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Jon Hamilton

Jon Hamilton is a correspondent for NPR's Science Desk. Currently he focuses on neuroscience, health risks, and extreme weather.

Following the 2011 earthquake and tsunami in Japan, Hamilton was part of NPR's team of science reporters and editors who went to Japan to cover the crisis at the Fukushima Dai-ichi nuclear power plant.

Hamilton contributed several pieces to the Science Desk series "The Human Edge," which looked at what makes people the most versatile and powerful species on Earth. His reporting explained how humans use stories, how the highly evolved human brain is made from primitive parts, and what autism reveals about humans social brains.

In 2009, Hamilton received the Michael E. DeBakey Journalism Award for his piece on the neuroscience behind treating autism.

Before joining NPR in 1998, Hamilton was a media fellow with the Henry J. Kaiser Family Foundation studying health policy issues. He reported on states that have improved their Medicaid programs for the poor by enrolling beneficiaries in private HMOs.

From 1995-1997, Hamilton wrote on health and medical topics as a freelance writer, after having been a medical reporter for both The Commercial Appeal and Physician's Weekly.

Hamilton graduated with honors from Oberlin College in Ohio with a Bachelor of Arts degree in English. As a student, he was the editor of the Oberlin Review student newspaper. He earned his master's degree in journalism from Columbia University, where he graduated with honors During his time at Columbia, Hamilton was awarded the Baker Prize for magazine writing and earned a Sherwood traveling fellowship.

Every day, Dr. Walter Koroshetz, 65, takes a pill as part of his effort to help keep his brain healthy and sharp.

The pill is his blood pressure medication. And Koroshetz, who directs the National Institute of Neurological Disorders and Stroke, says controlling high blood pressure helps him reduce his risk of dementia.

He also keeps his blood pressure down by exercising and paying attention to his weight and diet. "I'm a believer," he says.

Alan Dambach was in his late 50s when he noticed how unsteady his hands had become.

Over the next decade, his tremor got so bad he had difficulty eating with a spoon or fixing equipment at his family's tree farm in Western Pennsylvania.

"I couldn't get nuts and bolts to work," he says.

Two common herpes viruses appear to play a role in Alzheimer's disease.

The viruses, best known for causing a distinctive skin rash in young children, are abundant in brain tissue from people with Alzheimer's, a team of scientists reports Thursday in Neuron. The team also found evidence that the viruses can interact with brain cells in ways that could accelerate the disease.

For six years now, life has been really good for James. He has a great job as the creative director of an advertising firm in New York City. He enjoys spending time with his wife and kids.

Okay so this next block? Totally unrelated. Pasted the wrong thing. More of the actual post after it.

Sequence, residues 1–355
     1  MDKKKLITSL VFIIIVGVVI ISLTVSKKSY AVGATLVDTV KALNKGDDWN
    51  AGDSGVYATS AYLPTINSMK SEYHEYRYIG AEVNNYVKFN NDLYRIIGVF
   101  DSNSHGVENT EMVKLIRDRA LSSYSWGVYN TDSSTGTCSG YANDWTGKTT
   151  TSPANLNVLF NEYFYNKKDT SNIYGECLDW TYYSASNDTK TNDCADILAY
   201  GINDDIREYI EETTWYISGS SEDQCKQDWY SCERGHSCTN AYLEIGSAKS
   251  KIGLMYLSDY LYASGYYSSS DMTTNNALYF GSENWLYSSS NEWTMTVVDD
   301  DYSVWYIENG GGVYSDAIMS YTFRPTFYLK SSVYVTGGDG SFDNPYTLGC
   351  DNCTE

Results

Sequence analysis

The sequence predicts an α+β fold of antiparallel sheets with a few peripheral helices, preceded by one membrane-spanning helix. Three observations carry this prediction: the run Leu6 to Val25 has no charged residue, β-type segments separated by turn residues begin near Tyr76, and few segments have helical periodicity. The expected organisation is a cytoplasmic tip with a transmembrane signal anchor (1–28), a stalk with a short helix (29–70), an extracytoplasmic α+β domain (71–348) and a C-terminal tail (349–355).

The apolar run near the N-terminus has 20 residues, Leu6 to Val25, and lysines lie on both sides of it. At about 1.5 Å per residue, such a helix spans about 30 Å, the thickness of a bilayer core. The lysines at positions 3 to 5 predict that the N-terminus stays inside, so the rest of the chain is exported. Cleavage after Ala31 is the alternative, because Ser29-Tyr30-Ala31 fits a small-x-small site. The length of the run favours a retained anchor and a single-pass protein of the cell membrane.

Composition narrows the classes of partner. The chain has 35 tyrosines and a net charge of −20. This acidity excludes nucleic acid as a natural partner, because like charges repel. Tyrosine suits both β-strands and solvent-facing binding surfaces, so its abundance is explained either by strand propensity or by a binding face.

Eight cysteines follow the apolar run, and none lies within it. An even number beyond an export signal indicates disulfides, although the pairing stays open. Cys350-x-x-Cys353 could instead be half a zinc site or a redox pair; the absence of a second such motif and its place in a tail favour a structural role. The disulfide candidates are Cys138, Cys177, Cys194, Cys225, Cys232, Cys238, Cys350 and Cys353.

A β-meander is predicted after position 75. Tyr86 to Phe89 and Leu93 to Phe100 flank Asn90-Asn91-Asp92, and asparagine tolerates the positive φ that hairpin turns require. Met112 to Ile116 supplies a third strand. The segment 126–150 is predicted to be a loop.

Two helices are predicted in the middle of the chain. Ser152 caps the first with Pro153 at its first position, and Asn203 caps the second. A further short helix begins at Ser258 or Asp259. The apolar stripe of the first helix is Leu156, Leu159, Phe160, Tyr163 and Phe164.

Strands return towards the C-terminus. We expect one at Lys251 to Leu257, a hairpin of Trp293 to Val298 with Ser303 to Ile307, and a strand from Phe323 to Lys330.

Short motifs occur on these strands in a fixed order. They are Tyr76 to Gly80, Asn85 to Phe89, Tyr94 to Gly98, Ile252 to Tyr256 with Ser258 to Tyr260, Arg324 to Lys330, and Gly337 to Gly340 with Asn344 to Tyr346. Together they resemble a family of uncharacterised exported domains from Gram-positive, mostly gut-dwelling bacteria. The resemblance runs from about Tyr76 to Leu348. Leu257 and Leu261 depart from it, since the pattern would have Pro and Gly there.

And it has all been possible, he says, because for the past six years he has been taking a drug called ketamine.

For the first time, the U.S. military is speaking publicly about what it's doing to address potential health risks to troops who operate certain powerful shoulder-mounted weapons.

These bazooka-like weapons produce forceful explosions just inches from the operator's head.

A new application of artificial intelligence could help researchers solve medical mysteries ranging from cancer to Alzheimer's.

It's a 3D model of a living human cell that lets scientists study the interior structures of a cell even when they can only see the exterior and the nucleus — the largest structure in a cell. The model was unveiled to the public Wednesday by the Allen Institute for Cell Science in Seattle.

Military personnel may be endangering their own brains when they operate certain shoulder-fired weapons, according to an Army-commissioned report released Monday.

The report, from the Center for a New American Security, says these bazooka-like weapons pose a hazard because they are powered by an explosion just inches from the operator's head.

The words "dog" and "fog" sound pretty similar. Yet even a preschooler knows whether you're talking about a puppy or the weather.

Now scientists at Georgetown University Medical Center in Washington, D.C., have identified a two-step process that helps our brains learn to first recognize, then categorize new sounds even when the differences are subtle.

An international coalition of brain researchers is suggesting a new way of looking at Alzheimer's.

Instead of defining the disease through symptoms like memory problems or fuzzy thinking, the scientists want to focus on biological changes in the brain associated with Alzheimer's. These include the plaques and tangles that build up in the brains of people with the disease.

But they say the new approach is intended only for research studies and isn't yet ready for use by most doctors who treat Alzheimer's patients.

The Afghan boy arrived at the U.S. military hospital in Kandahar with severe burns from the chest down. He was about 5.

"I knew as soon as I saw him it was just too much surface area," says Kit Parker, who, at the time, was an Army Civil Affairs officer working with Afghan villagers. "I knew he was going to die."

Even so, Parker and his team sergeant, Aaron Chapman, stayed at the hospital throughout that night in 2003, while military doctors worked to keep the boy alive.

Updated March 8 at 1:53 p.m. ET

A major study is challenging the widely held view that adult human brains make new neurons.

The study of 59 samples from 29 brains of people of various ages found no immature neurons in anyone older than 13, scientists report online Wednesday in the journal Nature.